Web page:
We’re pleased to announce the launch of our NIGMS Instagram account. We’ll highlight gorgeous images, and bring you the science behind them—straight from our mobile device to yours. Instagram lets us label our images with subject-specific hashtags. You can find our pictures by going on Instagram and searching for #NIGMS. If you’re already an Instagram user, you can follow us @NIGMS_NIH. You can even see our page using a web browser at https://www.instagram.com/nigms_nih/ Exit icon. Let us know what you think!

Also, if you have any stunning images or videos that relate to scientific areas supported by NIGMS, please send them to us. They might end up on our Instagram feed!

See those finger-like projections? They are called villi. This image shows the small intestine, where most of the nutrients from the food we eat are absorbed into the bloodstream. The villi increase the organ’s surface area, making nutrient absorption more efficient. Credit: National Center for Microscopy and Imaging Research.
#science Exit icon #biology Exit icon #research Exit icon #cells Exit icon #cellbiology Exit icon #microscopy Exit icon #nigms Exit icon #scienceisbeautiful Exit icon #sciart Exit icon #nigms Exit icon #nih Exit icon #NCMIR Exit icon #UCSD Exit icon #smallbowel Exit icon #nutrition Exit icon #nutrients Exit icon #nutrient Exit icon #anatomyphysiology Exit icon

We need zinc. It’s an essential nutrient for growth and development, fending off invading microbes, healing injuries, and all sorts of cellular processes. We get the mineral through our diet, but people in certain parts of the world don’t get enough. Researchers study how plants acquire and process zinc, hoping to find ways to increase the nutrient in food crops. Using synchrotron X-ray fluorescence technology, scientists created this heat map of zinc in a leaf from a plant called Arabidopsis thaliana (zinc levels from lowest to highest: blue, green, red, white). Credit: Suzana Car and Mary Lou Guerinot, Dartmouth College.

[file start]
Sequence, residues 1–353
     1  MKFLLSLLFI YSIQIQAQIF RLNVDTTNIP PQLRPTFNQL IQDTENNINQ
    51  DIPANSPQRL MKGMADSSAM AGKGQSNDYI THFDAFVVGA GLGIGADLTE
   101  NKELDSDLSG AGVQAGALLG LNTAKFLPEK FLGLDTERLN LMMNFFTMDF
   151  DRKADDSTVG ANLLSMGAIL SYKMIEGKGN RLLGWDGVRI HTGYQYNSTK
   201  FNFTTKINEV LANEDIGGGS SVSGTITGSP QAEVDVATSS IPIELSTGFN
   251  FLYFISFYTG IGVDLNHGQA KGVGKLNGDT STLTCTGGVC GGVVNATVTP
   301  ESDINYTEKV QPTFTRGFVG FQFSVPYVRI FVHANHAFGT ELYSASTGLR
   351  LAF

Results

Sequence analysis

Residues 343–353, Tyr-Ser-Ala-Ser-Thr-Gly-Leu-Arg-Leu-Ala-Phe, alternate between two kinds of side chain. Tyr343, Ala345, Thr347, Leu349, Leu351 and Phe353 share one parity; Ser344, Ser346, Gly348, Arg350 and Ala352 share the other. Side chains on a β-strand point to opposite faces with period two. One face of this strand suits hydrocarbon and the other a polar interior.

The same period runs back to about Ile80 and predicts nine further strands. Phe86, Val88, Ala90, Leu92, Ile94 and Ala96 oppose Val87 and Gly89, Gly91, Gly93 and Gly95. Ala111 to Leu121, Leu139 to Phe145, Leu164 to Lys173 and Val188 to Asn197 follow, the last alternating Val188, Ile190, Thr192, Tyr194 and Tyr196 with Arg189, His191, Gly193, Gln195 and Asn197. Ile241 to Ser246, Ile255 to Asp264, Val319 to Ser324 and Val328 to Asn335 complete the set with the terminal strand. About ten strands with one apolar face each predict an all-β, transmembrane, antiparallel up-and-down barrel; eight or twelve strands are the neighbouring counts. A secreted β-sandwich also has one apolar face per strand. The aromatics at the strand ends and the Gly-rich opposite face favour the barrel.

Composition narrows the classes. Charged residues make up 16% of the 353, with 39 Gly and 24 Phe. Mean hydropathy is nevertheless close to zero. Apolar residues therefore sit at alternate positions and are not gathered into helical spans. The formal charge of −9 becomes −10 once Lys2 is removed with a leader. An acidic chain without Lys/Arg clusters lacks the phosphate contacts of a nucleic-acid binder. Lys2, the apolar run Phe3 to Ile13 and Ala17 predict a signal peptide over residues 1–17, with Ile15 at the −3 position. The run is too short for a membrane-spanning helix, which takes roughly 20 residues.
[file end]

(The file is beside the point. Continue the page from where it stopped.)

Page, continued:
#science Exit icon #biology Exit icon #research Exit icon #botany Exit icon #plant Exit icon #arabidopsis Exit icon #zinc Exit icon #microscopy Exit icon #synchrotron Exit icon #x-ray Exit icon #modelorganism Exit icon #leaf Exit icon #heatmap Exit icon #scienceisbeautiful Exit icon #nigms Exit icon #nih Exit icon

Beautiful brain! This image shows the cerebellum, which is the brain’s locomotion control center. Every time you shoot a basketball, tie your shoe or chop an onion, your cerebellum fires into action. Found at the base of your brain, the cerebellum is a single layer of tissue with deep folds like an accordion. People with damage to this region of the brain often have difficulty with balance, coordination and fine motor skills. Credit: Tom Deerinck and Mark Ellisman, NCMIR
#science Exit icon #biology Exit icon #research Exit icon #cerebellum Exit icon #neuroscience Exit icon #neurobiology Exit icon #brain Exit icon #brains Exit icon #brainimages Exit icon #neuroanatomy Exit icon #microscopy Exit icon #scienceisbeautiful Exit icon #sciart Exit icon #nigms Exit icon #nih Exit icon #NCMIR Exit icon #UCSD Exit icon

Scientists can learn a lot by studying pigment cells, which give animals their colorful skins, eyes, hair and scales. We can even gain insight into skin cancers, like melanoma, that originate from pigment cells. Pigment cells can form all sorts of patterns, like these stripes on the fin of a pearl danio, a type of tropical minnow. Credit: David Parichy, University of Washington.
#biology Exit icon #marinebiology Exit icon #marinescience Exit icon #cell Exit icon #pigmentcell Exit icon #xanthophore Exit icon #science Exit icon #research Exit icon #cellbiology Exit icon #microscopy Exit icon #scienceisbeautiful Exit icon #scienceiscool Exit icon #zebrafish Exit icon #universityofwashington Exit icon

Lighting Up the Promise of Gene Therapy for Glaucoma

Retinal ganglion cells in the mouse.

Retinal ganglion cells in the mouse retina that do (yellow) and do not (blue) contain a specific gene that scientists introduced with a virus. Credit: Kenyoung (“Christine”) Kim, Wonkyu Ju and Mark Ellisman, National Center for Microscopy and Imaging Research, University of California, San Diego.